Students engage with interfaith panel aimed at decreasing violence

Tiffany Rice (right), mother of slain Evanston teen Dajae Coleman, speaks about her work to end violence, along with Anya Cordell (left). Rice and Cordell, another community activist, shared with the audience their plans to reduce violence and bigotry in the community Tuesday evening in Harris Hall.

Melody Song/Daily Senior Staffer

Tiffany Rice (right), mother of slain Evanston teen Dajae Coleman, speaks about her work to end violence, along with Anya Cordell (left). Rice and Cordell, another community activist, shared with the audience their plans to reduce violence and bigotry in the community Tuesday evening in Harris Hall.

Rebecca Savransky, Reporter

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The Interfaith Advocates and the Chaplain’s Office organized a panel discussion Tuesday focused on motivating students to come together as a community to combat violence.

About 15 people attended the discussion, called The Word Against Violence, where anti-violence advocates Tiffany Rice and Anya Cordell engaged students with suggestions about how to modify a culture that fosters and supports the institution of violence.

This event was the first in a two-part initiative by the Interfaith Advocates. On Thursday evening, the group will host a discussion and poetry slam.

“We wanted to do something we felt would bring issues relevant to different people to the forefront,” said McCormick senior Keryn Wouden, a member of the Interfaith Advocates. “Whatever your beliefs are, violence in Chicago is something that everyone can come together on.”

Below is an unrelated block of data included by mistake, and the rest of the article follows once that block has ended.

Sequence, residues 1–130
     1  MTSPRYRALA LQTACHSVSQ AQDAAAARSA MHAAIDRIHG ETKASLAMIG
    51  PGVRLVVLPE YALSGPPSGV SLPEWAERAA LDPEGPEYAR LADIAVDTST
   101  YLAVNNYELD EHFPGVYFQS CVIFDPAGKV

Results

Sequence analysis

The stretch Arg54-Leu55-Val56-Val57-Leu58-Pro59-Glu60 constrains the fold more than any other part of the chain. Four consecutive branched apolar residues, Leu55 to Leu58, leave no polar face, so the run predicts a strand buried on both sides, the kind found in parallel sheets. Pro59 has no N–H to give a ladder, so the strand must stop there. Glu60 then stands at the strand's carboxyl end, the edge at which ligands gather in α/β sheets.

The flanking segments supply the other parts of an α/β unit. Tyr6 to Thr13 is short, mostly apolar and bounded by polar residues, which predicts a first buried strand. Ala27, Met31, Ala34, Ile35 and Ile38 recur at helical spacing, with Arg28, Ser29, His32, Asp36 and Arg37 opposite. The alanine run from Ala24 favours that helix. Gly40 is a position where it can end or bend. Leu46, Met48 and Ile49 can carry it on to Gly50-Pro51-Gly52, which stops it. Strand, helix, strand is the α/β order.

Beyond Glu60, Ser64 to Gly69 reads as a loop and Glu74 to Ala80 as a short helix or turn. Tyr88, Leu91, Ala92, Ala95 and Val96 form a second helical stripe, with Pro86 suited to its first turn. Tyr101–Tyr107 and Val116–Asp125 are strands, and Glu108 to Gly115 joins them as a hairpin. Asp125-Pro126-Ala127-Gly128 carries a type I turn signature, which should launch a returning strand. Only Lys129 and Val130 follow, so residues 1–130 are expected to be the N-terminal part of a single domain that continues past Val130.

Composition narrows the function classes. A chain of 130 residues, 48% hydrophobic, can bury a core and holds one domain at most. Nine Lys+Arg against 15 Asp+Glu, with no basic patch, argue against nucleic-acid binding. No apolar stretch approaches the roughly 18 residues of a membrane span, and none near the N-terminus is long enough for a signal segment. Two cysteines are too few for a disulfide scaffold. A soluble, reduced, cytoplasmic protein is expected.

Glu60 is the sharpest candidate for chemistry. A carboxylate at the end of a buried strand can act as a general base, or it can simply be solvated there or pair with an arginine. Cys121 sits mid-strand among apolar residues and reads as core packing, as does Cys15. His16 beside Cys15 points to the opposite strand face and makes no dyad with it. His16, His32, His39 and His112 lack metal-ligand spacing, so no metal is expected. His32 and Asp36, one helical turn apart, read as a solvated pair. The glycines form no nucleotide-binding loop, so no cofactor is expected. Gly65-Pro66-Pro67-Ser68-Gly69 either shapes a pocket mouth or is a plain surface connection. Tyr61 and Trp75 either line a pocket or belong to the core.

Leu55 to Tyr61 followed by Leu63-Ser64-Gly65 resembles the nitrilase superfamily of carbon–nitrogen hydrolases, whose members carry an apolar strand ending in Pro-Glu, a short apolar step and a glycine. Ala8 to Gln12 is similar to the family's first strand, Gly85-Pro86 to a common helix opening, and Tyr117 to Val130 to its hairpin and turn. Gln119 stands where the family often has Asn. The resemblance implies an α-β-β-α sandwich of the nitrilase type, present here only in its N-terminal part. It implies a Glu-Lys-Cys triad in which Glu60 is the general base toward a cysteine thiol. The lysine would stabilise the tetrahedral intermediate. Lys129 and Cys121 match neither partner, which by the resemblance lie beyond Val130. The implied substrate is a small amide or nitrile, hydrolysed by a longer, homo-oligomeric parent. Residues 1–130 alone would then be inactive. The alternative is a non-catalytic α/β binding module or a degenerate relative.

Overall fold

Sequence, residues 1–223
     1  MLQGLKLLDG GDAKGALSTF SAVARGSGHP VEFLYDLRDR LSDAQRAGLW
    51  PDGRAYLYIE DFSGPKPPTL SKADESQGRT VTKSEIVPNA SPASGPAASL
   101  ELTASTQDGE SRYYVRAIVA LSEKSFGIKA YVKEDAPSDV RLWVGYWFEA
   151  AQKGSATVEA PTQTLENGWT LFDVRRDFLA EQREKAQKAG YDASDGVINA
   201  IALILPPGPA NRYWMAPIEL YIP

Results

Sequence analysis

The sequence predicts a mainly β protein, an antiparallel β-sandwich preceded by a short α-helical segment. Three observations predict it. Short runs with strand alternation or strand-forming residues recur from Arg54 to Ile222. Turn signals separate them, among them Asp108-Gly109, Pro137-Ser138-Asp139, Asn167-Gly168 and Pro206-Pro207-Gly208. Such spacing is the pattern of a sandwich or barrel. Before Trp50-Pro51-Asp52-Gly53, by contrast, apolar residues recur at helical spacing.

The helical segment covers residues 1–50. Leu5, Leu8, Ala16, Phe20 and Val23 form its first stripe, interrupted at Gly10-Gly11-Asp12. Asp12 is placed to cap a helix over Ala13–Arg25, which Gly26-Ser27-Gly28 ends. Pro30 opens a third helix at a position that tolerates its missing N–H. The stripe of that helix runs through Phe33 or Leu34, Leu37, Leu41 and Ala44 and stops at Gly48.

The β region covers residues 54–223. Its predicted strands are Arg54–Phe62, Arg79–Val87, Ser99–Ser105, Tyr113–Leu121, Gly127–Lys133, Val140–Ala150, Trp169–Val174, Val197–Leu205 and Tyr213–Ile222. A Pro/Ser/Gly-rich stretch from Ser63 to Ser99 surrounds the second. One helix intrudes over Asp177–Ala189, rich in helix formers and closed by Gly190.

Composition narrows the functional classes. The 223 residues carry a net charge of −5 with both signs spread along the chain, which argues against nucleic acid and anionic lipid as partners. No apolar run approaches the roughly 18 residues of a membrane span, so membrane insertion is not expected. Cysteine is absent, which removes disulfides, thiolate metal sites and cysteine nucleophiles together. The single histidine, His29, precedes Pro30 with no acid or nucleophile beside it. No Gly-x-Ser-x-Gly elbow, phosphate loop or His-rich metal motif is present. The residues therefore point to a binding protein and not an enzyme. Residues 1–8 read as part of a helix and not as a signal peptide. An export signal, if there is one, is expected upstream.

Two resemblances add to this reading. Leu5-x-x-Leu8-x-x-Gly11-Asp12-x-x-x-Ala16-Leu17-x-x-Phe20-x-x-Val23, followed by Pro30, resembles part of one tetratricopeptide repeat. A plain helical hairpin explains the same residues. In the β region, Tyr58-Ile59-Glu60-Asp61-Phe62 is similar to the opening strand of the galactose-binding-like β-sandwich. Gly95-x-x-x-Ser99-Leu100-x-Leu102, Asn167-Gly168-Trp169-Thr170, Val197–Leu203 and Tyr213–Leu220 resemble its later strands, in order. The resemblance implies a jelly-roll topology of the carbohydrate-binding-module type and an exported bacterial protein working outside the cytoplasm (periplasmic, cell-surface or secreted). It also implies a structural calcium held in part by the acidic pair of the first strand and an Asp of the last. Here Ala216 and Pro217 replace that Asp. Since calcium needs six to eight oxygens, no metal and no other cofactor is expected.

Throughout the event, Rice, anti-violence advocate and mother of slain Evanston teen Dajae Coleman, talked to students about the importance of addressing violence through a hands-on approach.

“It takes us getting up and attacking the issue physically to produce change,” Rice said.

Rice emphasized the importance of targeting young people and creating programs that encourage them to stay away from violent groups. Cordell spoke about the need to move past stereotypes based on appearance and engage with individuals in one-on-one discussions to promote a decrease in hate crimes and other forms of violence.

“As hard as it seems, invite someone actually into your space and be an ally for some group that is somehow other than whatever you identify as your group,” Cordell said. “It’s hard the first time, but it’s doable, and I think once you do it, you reap the rewards of it.”

Members of the Interfaith Advocates, a group created this year geared toward initiating conversations among people of different faiths, planned the event as a culmination of a year’s worth of smaller firesides and discussions. The group, consisting of eight students of different faiths, hopes to inspire building relationships and taking action against injustices. 

“Everyone, regardless of their faith, has things they can do collectively to fight violence in Chicago,” said Weinberg sophomore Jack Furness, another member of the Interfaith Advocates.

At the end of the discussion, students asked questions ranging from why race remains such a prominent method of dividing individuals to what some of the primary contributors to the rise in violent activity are.

Students said they drew inspiration from this discussion and agreed with the importance of establishing a collective community to fight violence.

Weinberg sophomore Arkar Hein said the discussion made him realize that violence doesn’t only occur within a small community.

“As students from NU, we hear about violence, and we think we’re immune to violence and in our own bubble, but we’re really not,” Hein said.

Wouden said the event inspired her to take action against these issues within the community.

“Change has to start at the personal level,” Wouden said. “You can’t expect everyone else to change unless you change first.”

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